Against hated Michigan at the Big House on Saturday, Ohio State found itself in an unfamiliar position: face bloodied, back against the ropes, a lesser team pounding away at it. The Buckeyes desperately needed a savior, someone to step up and put the team on his back.
Enter Carlos Hyde.
The 6'0'', 235-pound running back defined the word workhorse in Week 14, taking a season-high 27 carries for 226 yards and one touchdown, which proved to be the game-winning score with 2:20 remaining.
In the process, Hyde not only saved Ohio State's season—moving it within one game of the BCS National Championship Game—he also helped kick start a sleeper, albeit unlikely, campaign for the Heisman Trophy.
It's hard to find a back who's been better than him this year.
Saturday wasn't the first time Ohio State has needed Hyde to come up huge, and it certainly wasn't the first time he's answered the bell. With College GameDay in attendance this October, the Buckeyes were struggling to put away Northwestern on the road, but Hyde came up huge with 168 yards and three touchdowns.
His big game against Michigan was the second time he's gone for 225-plus yards this season, which, according to ESPN Stats & Info, is a first in Ohio State history:
The only other Buckeye with multiple games like that in his career is college football legend Archie Griffin, according to ESPN Stats & Info. Hyde also broke the record for most yards an Ohio State player has rushed for against Michigan, passing the previous mark of 222, set by Beanie Wells in 2007.
It was truly a historic day.
Still, if not for Brady Hoke's decision to go for two after a late touchdown, this game might have gone to overtime. Despite Hyde's heroics, the Buckeyes still might have come up short.
But the running back believes there's a reason Hoke didn't kick the extra point: He knew Ohio State—that is, Ohio State's running back—would not be stopped in the extra frame.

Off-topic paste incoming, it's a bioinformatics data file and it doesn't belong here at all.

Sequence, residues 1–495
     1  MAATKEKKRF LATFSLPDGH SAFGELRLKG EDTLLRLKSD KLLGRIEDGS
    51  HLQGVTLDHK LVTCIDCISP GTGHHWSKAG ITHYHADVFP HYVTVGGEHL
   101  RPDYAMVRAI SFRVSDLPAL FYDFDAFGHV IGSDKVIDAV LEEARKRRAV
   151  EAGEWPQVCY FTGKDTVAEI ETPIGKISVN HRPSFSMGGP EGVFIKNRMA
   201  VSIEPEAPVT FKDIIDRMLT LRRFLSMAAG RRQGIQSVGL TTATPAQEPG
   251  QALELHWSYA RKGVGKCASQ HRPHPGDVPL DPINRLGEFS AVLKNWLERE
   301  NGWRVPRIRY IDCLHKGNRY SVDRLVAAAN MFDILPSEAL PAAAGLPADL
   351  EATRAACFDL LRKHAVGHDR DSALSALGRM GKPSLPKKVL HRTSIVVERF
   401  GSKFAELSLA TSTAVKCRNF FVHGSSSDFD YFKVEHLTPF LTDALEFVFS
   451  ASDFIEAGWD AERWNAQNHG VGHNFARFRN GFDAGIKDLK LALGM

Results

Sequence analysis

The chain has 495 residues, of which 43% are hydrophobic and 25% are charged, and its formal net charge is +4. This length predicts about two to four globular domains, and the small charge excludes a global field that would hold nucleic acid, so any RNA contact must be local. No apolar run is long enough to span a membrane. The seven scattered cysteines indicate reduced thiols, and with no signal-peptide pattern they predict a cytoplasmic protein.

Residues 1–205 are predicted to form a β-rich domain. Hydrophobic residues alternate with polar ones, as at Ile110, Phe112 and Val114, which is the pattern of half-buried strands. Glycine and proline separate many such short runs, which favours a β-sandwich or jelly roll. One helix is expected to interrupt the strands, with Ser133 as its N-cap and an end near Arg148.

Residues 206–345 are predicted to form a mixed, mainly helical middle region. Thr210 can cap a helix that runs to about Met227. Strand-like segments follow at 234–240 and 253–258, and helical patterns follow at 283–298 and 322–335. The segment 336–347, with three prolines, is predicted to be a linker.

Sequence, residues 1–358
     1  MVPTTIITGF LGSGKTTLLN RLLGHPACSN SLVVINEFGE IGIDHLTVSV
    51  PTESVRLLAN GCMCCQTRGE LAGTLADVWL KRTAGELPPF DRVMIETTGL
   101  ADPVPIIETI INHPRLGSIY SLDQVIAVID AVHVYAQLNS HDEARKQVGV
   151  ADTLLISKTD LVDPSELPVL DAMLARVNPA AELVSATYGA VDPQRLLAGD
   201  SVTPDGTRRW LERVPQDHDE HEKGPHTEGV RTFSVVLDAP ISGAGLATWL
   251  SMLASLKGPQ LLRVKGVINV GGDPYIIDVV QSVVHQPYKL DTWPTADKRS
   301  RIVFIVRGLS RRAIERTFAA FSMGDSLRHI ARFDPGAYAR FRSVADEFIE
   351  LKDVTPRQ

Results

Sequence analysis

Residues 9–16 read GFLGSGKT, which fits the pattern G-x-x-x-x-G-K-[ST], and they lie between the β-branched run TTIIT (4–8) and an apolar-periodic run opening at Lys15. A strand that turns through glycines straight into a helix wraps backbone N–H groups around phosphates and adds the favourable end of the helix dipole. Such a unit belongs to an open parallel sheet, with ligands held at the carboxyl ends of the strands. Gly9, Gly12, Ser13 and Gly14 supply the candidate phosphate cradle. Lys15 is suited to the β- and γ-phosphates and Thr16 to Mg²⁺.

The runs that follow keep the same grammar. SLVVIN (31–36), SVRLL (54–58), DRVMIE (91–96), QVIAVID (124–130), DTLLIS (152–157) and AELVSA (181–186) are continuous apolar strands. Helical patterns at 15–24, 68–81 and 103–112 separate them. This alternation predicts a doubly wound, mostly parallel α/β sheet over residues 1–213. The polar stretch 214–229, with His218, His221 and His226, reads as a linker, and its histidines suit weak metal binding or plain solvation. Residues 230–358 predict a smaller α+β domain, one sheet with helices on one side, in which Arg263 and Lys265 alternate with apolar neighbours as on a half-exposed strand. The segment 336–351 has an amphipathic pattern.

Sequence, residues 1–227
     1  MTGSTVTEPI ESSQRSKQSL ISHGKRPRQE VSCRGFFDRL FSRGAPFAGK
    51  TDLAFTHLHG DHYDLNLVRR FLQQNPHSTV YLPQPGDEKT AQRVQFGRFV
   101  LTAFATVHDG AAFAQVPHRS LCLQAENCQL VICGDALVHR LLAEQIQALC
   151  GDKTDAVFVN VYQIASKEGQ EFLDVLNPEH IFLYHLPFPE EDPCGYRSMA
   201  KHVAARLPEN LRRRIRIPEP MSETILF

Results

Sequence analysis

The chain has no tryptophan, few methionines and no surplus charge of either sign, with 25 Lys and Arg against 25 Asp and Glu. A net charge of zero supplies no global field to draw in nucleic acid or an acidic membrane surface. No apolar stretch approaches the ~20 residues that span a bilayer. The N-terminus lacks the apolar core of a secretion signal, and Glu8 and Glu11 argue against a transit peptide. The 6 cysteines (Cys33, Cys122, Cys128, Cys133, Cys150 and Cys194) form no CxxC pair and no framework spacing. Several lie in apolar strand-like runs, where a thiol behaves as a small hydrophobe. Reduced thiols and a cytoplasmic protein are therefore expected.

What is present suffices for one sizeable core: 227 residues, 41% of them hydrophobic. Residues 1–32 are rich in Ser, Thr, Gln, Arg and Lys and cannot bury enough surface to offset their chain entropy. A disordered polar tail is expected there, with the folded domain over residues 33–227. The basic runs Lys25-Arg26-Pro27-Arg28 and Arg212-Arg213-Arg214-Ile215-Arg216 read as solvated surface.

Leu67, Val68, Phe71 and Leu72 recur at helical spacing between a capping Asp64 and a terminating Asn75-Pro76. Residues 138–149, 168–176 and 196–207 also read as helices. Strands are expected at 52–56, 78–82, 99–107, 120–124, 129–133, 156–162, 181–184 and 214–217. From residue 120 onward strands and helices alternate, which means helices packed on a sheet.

"[Michigan] went for two because they didn't want to go to overtime," Hyde said, according to Adam Rittenberg of ESPN.com. "They knew what was going to happen. We would have scored; I have no doubt. We were having success all day."
It's hard to argue with that logic. Hyde looked like a man who would not be denied, despite going up against a rush defense that entered the game ranked 14th nationally in yards per game and yards per carry. There's no way Hoke could have trusted his guys to slow Hyde down.
All of which begs an interesting question: Can Hyde be rightfully considered as a Heisman candidate?
He was suspended for the first three games of the season after an offseason assault investigation—even though the charges were dropped—and he only got five carries in the fourth game against Florida A&M. That is a sizable portion of the season to miss, and its effect on his rushing totals is significant.
Still, Hyde has been, perhaps, the best running back in college football since entering the lineup on a full-time basis. He ranks third nationally with 156.1 rushing yards per game against BCS conference opponents, despite receiving far less carries per game than the two players (Andre Williams and Ka'Deem Carey) above him.
Only one player in the top 20, Wisconsin's Melvin Gordon, averages anything in the stratosphere of his 7.81 yards per carry. Against all competition, if you crudely extrapolate his numbers to include the first four games, he would currently have 1,874 rushing yards and 21 rushing touchdowns.
No doubt, those would be Heisman-caliber numbers.
More important than just Hyde's stats, though, is the fact that he's doing this for the No. 2 team in America. As good as Ohio State's depth is at the running back position, there is little doubt that this team would have lost at least once without its bell-cow.
He's been that good.
By that token, how many players have had a bigger impact on the 2013 season than Hyde has? The Heisman is supposed to be a combination of the Most Outstanding Player and the Most Valuable Player in America; Hyde has been a combination of both.
Pac-12 Writer Bryan Fischer ignored any regional bias during Saturday's game, wondering why Hyde—despite the three-game suspension—doesn't get more love as a Heisman candidate:
He's got a point, but at the end of day, it likely won't matter. Fair or not, the Heisman Trophy has historically required a certain benchmark of statistical totals. Hyde and quarterback Braxton Miller have both been fantastic this year, but neither has played enough games or tallied enough numbers to warrant serious consideration for the award.
However, with another huge game against Michigan State in the Big Ten Championship, Hyde will demand to at least be included on some ballots, maybe even earning an invite to the Heisman ceremony in New York.
The Spartans are the best rush defense in America, so if Hyde can find some success against them, it would be impossible for voters to ignore what he's been doing.
Immovable object? Meet unstoppable force.
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